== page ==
Themes in Credit and a Feeling of Deja Vu

As my second session of the day ended at the Milken Global Conference, I was struck by both the great insights that I’d heard and by a certain feeling of deja vu. This panel discussion, led by Michael Milken himself, was titled “Credit Markets: What’s Next.” With panelists from some of the leading credit investors and ratings agencies, it was an extremely insightful hour. That said, when the session was over, I couldn’t help feeling like I’d heard some of this before.

The panel quickly came to the opinion that credit markets had changed. Steve Tananbaum, from GoldenTree Asset Management, said that in the past “you just had to show up at the party” to be successful in credit investing. But now, he maintained, “you have to go to the right party.” His point is that selecting the right fixed income sectors and selecting the right securities within those sectors was going to be increasingly important. That’s when the feeling of deja vu came on. I quickly checked my laptop to look back at some work that Mark Cernicky (senior product specialist for Principal Global Fixed Income) had done early in 2014. In a blog post and subsequent media appearances, Mark made his case for themes that would dominate credit markets in 2014. His second theme was “Security selection will matter as idiosyncratic risk increases.” I think what Mark was seeing at the beginning of the year, and what the Milken panel was bringing up now, was that there was an inflection point in markets that would begin to favor active management in fixed income.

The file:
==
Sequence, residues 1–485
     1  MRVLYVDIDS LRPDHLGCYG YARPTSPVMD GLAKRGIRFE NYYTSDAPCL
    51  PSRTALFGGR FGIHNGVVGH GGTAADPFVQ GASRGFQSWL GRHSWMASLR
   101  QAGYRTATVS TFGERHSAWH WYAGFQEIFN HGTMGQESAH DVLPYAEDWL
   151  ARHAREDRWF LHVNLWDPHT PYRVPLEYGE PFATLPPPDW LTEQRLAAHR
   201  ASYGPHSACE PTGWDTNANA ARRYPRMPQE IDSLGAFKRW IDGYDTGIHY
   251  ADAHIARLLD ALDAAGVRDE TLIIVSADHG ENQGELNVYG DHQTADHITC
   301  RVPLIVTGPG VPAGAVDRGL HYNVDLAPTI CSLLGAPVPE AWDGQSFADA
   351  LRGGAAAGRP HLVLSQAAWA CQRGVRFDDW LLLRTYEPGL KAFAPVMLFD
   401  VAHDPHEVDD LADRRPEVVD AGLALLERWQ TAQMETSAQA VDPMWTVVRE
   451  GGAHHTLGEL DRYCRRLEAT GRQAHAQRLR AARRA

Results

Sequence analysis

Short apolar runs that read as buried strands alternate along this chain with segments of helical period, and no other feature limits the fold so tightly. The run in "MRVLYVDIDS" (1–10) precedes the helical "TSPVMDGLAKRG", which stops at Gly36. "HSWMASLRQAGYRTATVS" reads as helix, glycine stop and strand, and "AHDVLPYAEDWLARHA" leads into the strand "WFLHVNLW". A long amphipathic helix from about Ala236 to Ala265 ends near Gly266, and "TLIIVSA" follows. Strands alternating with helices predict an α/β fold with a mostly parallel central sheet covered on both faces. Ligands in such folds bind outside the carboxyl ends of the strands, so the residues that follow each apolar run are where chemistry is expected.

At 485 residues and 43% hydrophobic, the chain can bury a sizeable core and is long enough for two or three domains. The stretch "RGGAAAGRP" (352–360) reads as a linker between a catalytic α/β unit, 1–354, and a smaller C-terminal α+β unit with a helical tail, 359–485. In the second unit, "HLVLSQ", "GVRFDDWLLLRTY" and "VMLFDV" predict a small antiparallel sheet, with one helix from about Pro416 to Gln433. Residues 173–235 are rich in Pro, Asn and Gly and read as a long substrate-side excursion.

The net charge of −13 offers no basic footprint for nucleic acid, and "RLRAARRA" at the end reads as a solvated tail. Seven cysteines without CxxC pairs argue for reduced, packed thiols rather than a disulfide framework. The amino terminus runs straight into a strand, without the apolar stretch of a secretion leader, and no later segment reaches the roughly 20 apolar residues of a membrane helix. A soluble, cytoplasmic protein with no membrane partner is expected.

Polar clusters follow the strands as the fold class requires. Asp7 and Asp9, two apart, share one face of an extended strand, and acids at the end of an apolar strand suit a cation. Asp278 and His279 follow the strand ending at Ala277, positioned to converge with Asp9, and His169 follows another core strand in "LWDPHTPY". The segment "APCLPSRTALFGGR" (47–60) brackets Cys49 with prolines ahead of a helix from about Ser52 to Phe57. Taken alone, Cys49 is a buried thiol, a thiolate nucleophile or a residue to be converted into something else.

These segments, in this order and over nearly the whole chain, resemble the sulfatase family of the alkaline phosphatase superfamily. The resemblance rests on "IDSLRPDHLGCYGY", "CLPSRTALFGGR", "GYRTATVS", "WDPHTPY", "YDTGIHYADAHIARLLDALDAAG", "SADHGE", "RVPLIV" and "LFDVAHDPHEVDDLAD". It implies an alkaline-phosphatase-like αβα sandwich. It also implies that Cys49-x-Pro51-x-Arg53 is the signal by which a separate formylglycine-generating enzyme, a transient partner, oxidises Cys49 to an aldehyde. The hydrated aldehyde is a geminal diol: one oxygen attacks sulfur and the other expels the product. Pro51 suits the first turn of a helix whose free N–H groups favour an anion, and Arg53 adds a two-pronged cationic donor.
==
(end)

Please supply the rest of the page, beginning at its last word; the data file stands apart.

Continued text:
Later in the conversation, the panel discussed credit creation in Europe. One panelist, Mark Attanasio from Crescent Capital Group, felt that Europe had a lot of opportunity right now. Corporations in Europe have historically relied on the banking system and loans for capital, and that paradigm has been placed in jeopardy by the troubles felt throughout the European banking system. As they try skinny their balance sheets, European banks’ appetite for new loans has decreased measurably. This leads to opportunities for investors to step in and provide that capital.

Again…deja vu. Mark Cernicky’s blog from January also referred to Europe as the “land of opportunity…for credit.” Mark’s comments focused particular attention on high yield issuers, who have historically been underserved by banks. The big point on this topic was probably that investors now have the opportunity to benefit by providing capital to European corporations, but also help strengthen the system by helping those corporations decrease their reliance for capital from just this handful of financial institutions.



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